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Does anyone out there truly understand how to use quotation marks? (If you’re unsure, check out the Gallery of Misused Quotation Marks for some enlightenment.)

Here’s a quick recap for some of the more common — proper — uses:

  1. As the title of a minor work (this can be stylistic rather than grammatical, depending on the publication’s own style guide). Ex: The song “Stripped” is from the album Music for the Masses.
  2. To quote somebody. Ex: “That’s hot,” said the skank.
  3. To introduce a new word or phrase. Example: Parents should know that children often “dis” their friends.
  4. To show disapproval, disownment, irony, or sarcasm. See: scare quotes

There are other uses, but these are some of the more common ones. Why then do people insist on misusing and abusing the poor quotation mark? Seriously, people, if the quotation mark were a mammal, PETA would be all over your shit by now. Treat the delicate quotation mark with care and it will only help you. Treat it scornfully, and you’ll reap its wrath.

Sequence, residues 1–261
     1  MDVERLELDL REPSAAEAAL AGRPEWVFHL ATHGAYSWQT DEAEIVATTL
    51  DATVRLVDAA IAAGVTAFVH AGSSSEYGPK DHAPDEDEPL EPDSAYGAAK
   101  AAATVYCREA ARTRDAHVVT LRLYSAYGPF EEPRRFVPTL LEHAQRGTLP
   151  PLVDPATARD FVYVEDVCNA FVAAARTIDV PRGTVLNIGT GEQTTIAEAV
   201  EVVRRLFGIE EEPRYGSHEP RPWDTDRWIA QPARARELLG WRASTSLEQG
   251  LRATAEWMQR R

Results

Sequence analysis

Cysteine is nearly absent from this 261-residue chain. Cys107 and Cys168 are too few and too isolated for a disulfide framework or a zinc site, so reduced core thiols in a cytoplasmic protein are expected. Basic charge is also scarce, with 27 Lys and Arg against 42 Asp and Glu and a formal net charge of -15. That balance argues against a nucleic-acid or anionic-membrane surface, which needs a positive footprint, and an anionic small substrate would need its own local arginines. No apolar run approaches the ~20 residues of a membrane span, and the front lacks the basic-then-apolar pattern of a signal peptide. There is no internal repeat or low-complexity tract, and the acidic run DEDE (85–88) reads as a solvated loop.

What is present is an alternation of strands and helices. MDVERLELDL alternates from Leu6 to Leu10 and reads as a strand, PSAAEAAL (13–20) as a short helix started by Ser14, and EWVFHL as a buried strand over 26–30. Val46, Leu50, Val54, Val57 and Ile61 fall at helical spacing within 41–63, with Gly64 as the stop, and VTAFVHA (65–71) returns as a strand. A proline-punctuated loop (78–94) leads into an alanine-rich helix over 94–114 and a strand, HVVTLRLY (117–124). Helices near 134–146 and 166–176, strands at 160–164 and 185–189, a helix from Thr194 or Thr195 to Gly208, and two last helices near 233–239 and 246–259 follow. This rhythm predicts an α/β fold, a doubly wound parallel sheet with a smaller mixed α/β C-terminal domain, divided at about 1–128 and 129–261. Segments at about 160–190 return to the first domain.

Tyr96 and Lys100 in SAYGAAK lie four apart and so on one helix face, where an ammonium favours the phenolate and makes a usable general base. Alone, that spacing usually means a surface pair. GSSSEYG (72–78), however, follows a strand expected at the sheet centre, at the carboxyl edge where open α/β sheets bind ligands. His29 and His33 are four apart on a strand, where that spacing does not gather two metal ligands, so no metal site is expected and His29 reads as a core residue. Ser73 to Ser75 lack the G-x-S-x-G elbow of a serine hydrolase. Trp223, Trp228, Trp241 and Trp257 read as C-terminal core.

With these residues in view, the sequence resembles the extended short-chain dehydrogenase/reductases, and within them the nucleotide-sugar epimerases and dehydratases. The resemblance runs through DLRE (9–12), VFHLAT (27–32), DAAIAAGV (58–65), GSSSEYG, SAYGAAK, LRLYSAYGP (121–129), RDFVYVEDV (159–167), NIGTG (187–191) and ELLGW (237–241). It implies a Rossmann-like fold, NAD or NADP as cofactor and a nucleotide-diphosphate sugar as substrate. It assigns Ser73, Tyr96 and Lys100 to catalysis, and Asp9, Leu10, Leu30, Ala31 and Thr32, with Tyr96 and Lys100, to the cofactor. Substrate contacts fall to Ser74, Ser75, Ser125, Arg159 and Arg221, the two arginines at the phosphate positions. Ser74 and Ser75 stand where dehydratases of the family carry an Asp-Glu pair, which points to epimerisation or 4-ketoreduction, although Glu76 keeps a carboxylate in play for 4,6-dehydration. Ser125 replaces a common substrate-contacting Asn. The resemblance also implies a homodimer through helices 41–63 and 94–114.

Case in point:
Misused quotation marks

Putting your program’s name in quotes makes it liable for category 4. Hell, if you, the parking service I’m paying, don’t really care, why the hell should I park with you? I’m certainly not going to believe you’re going to provide any of the subsequent services for “free.” So “bite me.”

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1 Comment

  1. Heather

    A-fucking-men, soul sister. We are so cosmically connected at this very moment.

    Here’s another one that irks me:
    A TV program starts (say, Dexter), and the name of the episode appears onscreen in quotes. NOT necessary, bitches. If you are going to apply style to your credits, then why isn’t the name of the TV show in italics in the title sequence?

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